Here's a timelapse video of the process of researching and programming a previous iteration of the city generator, which the one in AdvertCity is based on (strobe warning!):
If there are any questions about any aspect of the city generator, I'll be happy to go into plenty of detail :)
Will there be smaller towns branching out a few miles from the city, or suburbia? I really like medium-small sized cities/towns in general, so I'm pretty curious about that.
[QUOTE=Incoming.;44356826]Will there be smaller towns branching out a few miles from the city, or suburbia? I really like medium-small sized cities/towns in general, so I'm pretty curious about that.[/QUOTE]
There are definitely suburbia as distinct from the inner centre, and the engine understands the concept of suburbs (different traffic requirements, different travel direction requirements) as opposed to inner city or rural areas, but we're aiming to keep the overall playing field fairly centralised so you don't have to wander around too far. You do still get naturally outcropping villages in parts of the map, though - I'll try to post a few screenshots of some of those.
The buildings are generally larger and taller than they would be in a contemporary city because this is a future cyberpunk setting. Early on in the project we were actually considering making the settlement a domed city, and we may still do that. What do you think of the idea? If that ends up happening, there will be smaller satellite domes over the smaller villages out from the centre, and covered road tunnels leading between them.
The generator can scale very well to different sized settlements - if there's demand, we could allow players to choose the size of the playing field for each game. Right now you can set the generation seed at startup, and different seeds already create very different looking cities, and they do differ in scale too. The only issue with smaller settlements is there may not be room to get in all the megacorporations that give the game variety!
[QUOTE=SlowRiot;44356114]Hello, author of the city generation here! I signed up here just to chat about this and answer any of your questions :)
the fact that you came here and gave me the smackdown with a hella informative post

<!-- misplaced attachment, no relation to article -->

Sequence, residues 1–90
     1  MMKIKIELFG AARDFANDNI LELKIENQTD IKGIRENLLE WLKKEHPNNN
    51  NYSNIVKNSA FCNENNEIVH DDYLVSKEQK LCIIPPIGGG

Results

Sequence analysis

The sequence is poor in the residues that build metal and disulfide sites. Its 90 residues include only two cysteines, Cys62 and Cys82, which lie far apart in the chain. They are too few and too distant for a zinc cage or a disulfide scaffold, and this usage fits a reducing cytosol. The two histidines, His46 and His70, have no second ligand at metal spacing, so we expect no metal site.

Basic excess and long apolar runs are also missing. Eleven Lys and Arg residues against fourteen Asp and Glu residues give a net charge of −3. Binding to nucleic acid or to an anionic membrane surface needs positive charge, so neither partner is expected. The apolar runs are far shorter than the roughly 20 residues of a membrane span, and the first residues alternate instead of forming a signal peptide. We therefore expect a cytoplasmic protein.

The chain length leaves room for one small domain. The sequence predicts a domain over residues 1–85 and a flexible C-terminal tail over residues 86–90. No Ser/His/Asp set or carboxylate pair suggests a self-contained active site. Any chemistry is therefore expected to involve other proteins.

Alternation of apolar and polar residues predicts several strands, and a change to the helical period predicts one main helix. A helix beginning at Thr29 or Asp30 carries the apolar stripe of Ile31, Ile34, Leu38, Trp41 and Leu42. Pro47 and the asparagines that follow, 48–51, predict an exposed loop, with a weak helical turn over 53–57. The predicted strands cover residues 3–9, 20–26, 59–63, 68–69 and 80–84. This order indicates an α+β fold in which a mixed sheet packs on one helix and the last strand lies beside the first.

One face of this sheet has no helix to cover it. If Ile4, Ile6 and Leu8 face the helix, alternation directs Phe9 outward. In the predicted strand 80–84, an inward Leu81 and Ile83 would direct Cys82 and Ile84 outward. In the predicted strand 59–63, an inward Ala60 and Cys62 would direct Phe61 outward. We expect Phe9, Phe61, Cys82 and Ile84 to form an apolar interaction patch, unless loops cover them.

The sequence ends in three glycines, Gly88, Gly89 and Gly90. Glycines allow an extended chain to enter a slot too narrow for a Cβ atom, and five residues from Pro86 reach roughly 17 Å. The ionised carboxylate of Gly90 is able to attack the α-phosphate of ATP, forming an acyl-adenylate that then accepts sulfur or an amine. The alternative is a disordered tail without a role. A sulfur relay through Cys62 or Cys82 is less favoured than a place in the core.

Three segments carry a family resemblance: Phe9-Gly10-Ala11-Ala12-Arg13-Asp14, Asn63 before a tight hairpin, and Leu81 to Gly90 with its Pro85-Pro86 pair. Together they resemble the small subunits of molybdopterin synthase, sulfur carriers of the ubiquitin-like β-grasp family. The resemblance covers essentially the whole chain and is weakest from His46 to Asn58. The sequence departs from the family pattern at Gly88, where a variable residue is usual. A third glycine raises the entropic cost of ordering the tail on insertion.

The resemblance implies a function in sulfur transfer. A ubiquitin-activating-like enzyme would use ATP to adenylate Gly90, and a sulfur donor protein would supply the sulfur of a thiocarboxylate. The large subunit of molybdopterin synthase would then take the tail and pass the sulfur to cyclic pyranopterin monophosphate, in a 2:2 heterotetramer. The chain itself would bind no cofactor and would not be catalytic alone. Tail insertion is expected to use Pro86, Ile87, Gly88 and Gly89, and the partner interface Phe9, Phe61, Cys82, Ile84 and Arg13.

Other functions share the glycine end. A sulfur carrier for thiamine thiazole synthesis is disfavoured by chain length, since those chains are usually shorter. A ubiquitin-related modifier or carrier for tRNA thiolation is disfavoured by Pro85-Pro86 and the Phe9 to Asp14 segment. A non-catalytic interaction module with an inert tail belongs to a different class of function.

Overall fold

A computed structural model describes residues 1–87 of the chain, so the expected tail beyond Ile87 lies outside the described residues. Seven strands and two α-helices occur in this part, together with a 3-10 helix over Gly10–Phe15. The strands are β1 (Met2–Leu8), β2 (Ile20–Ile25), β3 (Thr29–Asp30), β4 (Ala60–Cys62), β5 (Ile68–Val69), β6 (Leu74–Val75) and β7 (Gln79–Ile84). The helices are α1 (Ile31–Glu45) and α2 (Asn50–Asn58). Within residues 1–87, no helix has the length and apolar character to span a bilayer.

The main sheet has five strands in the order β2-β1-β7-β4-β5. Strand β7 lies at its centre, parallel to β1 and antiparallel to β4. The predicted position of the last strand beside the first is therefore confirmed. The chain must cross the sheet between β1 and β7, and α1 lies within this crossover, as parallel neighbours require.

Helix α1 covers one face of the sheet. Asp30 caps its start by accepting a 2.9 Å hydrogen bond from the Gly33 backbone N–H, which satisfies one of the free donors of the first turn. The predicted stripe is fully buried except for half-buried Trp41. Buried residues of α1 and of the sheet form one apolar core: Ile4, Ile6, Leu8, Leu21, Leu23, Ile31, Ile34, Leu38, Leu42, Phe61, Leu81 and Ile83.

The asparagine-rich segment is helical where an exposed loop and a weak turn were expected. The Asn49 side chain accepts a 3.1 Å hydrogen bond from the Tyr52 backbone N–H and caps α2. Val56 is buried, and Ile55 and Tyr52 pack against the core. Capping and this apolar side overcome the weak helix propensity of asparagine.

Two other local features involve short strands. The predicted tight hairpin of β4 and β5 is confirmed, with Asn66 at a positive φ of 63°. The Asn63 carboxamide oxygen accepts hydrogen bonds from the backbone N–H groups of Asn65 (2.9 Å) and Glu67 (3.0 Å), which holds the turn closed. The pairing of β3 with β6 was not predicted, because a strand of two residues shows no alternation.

Screenshots as promised from before: Naturally outcropping villages in parts of the map - you can see one of those in the top left, here:
(also a path heading up to the mountain in the top right - I've turned down antialiasing so that the smaller paths are more obvious from far away in this view)
Here's a view from above a small four-house village, about 20 miles out from the city:
Cyberspace perspective on two out-of-town settlements
(click for full resolution)
Is the game engine planned to include comprehensive mod support? If so, it would be great to repurpose your incredible simulation and mod in SimCity like building functionality.
I don't normally fund kickstarters unless they look really promising and are near release, but you definitely know what you're doing, and it seems realistic and reasonable enough, in addition to something that I'll find interesting. Put up £8, about the best a uni student can do!
The more I looked at it the more I like it. I've grabbed an early bird Beta access, looking forwards to what you guys will do! Also looks like I'm the first Early Bird Backer! Go me!
[QUOTE=LordCrypto;44357321]the fact that you came here and gave me the smackdown with a hella informative post
Dude, you got fucking rekt, that was amazing.
And SlowRiot? You probably earned me as a backer with that.
[QUOTE=SlowRiot;44357144]Early on in the project we were actually considering making the settlement a domed city, and we may still do that. What do you think of the idea? [/QUOTE]
Could be used to hide imperfections of the city generation. Most of the generators around make it look like it was all planned out before the first stone was even placed (like 500 years into the future). In a domed city it makes sense as your space is limited.
the roads form a dong
[editline]27th March 2014[/editline]
Congratulations on passing the Kickstarter!
Kickstarted, I love city simulation so I'm looking forward to this.
Looks like the Kickstarter was more than successful.
We're at spam, hoping for more tech trees to be unlocked!
Y'all want brain implants, right?